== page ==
The effectiveness of monoclonal antibody therapies against newly discovered coronavirus strains has diminished.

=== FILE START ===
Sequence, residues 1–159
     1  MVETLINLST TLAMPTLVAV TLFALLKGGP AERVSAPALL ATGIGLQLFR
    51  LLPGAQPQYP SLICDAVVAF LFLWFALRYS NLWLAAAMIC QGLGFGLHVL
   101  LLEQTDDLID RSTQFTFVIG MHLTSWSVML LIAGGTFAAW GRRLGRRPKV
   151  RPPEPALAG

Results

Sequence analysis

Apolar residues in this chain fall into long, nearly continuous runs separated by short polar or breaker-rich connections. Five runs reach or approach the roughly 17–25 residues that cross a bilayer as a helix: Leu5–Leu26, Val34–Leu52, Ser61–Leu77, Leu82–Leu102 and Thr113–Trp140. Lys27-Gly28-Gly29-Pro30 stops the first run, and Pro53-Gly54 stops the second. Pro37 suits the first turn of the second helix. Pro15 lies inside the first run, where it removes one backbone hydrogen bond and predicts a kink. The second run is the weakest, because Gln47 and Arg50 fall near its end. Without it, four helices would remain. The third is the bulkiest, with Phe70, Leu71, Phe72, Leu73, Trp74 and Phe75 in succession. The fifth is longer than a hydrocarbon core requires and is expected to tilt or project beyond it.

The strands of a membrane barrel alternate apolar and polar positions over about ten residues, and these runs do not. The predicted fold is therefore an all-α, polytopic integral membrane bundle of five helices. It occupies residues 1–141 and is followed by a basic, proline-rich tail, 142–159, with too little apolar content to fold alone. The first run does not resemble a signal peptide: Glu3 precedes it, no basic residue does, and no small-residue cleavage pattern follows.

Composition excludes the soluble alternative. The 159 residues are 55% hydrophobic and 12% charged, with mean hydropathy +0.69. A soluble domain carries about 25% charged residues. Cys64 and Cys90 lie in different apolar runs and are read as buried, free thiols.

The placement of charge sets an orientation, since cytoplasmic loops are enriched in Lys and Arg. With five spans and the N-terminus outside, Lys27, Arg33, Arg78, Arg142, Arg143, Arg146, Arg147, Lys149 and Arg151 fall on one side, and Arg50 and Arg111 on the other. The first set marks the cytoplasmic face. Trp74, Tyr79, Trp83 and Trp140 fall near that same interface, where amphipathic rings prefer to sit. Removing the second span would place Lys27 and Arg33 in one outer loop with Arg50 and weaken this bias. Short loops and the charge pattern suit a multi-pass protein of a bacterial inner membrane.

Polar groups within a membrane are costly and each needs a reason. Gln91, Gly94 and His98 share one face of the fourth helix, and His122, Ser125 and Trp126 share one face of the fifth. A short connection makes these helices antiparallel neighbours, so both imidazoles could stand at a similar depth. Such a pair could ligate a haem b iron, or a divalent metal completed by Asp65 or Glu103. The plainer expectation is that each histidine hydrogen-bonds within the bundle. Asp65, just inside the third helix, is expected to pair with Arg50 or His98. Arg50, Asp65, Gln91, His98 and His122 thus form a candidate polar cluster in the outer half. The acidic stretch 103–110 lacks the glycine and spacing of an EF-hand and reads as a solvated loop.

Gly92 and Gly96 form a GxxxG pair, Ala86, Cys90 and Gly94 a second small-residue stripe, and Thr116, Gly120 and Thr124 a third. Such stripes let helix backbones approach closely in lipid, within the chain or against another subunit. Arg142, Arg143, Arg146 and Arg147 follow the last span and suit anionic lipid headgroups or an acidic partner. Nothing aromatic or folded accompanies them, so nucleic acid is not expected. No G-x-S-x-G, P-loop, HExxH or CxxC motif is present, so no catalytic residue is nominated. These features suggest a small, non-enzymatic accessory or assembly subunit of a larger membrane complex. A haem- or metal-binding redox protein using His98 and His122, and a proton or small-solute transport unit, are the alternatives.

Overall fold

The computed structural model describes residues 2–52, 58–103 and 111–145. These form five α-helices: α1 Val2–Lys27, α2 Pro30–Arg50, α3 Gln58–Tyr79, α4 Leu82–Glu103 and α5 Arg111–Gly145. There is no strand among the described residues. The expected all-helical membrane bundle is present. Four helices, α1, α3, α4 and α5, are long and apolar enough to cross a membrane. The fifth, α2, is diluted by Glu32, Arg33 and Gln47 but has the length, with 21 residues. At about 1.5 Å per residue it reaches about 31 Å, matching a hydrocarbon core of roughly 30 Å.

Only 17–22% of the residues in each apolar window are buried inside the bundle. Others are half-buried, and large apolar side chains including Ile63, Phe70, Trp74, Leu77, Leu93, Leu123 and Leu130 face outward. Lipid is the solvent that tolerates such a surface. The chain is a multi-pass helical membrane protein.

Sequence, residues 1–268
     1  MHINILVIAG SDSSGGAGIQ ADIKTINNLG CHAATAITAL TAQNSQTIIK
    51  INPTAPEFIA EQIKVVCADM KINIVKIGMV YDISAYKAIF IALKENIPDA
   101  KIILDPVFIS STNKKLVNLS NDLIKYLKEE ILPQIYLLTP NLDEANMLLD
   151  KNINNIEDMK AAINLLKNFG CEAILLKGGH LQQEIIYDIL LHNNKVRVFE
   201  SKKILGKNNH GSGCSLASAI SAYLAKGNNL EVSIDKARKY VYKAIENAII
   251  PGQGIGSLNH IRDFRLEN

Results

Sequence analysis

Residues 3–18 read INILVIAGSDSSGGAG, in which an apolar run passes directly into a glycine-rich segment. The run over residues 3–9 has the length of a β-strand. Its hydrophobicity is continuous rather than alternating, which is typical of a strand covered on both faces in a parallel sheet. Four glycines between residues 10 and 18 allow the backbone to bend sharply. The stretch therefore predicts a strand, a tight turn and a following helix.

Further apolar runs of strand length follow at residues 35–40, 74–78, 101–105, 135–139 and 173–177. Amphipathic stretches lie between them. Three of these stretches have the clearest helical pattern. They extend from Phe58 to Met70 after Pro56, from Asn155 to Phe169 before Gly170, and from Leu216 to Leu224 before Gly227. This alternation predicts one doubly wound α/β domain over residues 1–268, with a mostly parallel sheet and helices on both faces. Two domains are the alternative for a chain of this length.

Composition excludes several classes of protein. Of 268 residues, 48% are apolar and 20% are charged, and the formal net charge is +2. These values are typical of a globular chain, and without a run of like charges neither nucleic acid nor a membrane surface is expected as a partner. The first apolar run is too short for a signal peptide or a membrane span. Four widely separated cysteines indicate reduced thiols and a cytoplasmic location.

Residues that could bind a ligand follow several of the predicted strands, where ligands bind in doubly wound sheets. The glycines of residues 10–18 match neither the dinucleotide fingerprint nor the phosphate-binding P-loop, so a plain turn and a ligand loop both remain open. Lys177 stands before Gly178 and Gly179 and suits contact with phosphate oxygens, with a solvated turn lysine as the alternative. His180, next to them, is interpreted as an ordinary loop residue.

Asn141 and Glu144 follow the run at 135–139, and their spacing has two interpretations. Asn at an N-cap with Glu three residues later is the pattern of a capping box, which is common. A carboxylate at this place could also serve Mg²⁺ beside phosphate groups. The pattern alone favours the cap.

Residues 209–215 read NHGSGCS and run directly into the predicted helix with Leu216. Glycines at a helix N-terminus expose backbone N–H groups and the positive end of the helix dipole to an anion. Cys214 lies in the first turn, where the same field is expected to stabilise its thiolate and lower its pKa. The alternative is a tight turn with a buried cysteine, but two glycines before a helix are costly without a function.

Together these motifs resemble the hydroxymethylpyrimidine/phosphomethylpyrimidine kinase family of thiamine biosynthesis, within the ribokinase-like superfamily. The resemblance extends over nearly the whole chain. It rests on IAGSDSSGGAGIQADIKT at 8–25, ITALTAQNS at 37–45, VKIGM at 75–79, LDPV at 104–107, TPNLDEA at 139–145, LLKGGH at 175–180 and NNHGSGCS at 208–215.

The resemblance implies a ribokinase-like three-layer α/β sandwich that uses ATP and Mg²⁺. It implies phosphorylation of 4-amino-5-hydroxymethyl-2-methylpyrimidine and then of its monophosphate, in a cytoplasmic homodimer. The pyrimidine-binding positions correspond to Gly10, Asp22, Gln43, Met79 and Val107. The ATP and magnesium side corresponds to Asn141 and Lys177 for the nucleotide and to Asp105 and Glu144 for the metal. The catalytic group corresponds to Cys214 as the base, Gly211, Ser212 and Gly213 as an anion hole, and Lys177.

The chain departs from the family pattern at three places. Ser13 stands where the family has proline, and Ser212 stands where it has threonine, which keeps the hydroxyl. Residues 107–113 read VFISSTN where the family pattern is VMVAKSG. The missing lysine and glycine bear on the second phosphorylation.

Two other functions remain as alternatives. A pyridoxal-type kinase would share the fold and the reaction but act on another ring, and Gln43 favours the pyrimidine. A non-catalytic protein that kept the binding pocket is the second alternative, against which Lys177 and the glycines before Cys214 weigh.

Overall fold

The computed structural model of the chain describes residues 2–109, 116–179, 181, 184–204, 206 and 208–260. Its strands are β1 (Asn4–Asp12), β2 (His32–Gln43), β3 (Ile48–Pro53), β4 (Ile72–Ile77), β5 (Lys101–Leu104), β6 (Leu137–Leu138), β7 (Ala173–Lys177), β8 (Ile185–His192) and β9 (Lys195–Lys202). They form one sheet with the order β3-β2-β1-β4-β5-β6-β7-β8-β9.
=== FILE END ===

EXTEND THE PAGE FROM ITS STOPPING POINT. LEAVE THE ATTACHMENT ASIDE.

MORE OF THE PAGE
Monoclonal antibodies were the mainstay of COVID-19 outpatient therapies. More than 3.5 million infusions of the factory-grown proteins have been administered to patients in the U.S. since they first became accessible in 2020, even before the first immunizations, to help lower the chance of hospitalization. Their attractiveness was further weakened by the rise of Paxlovid antiviral tablets early this year. Monoclonal antibodies are proteins created in a lab that support your body’s immune system. Most people naturally produce antibodies as part of their immune system to constantly search for potential threats. Drug manufacturers and researchers at government institutions are currently retooling the approach. Joshua Tan, Chief of the Antibody Biology Unit at NIH is extracting immune cells from recovered COVID patients’ blood. The immune cells that respond to various coronaviruses produce antibodies that bind to a certain region of the spike protein that is constant across all of them.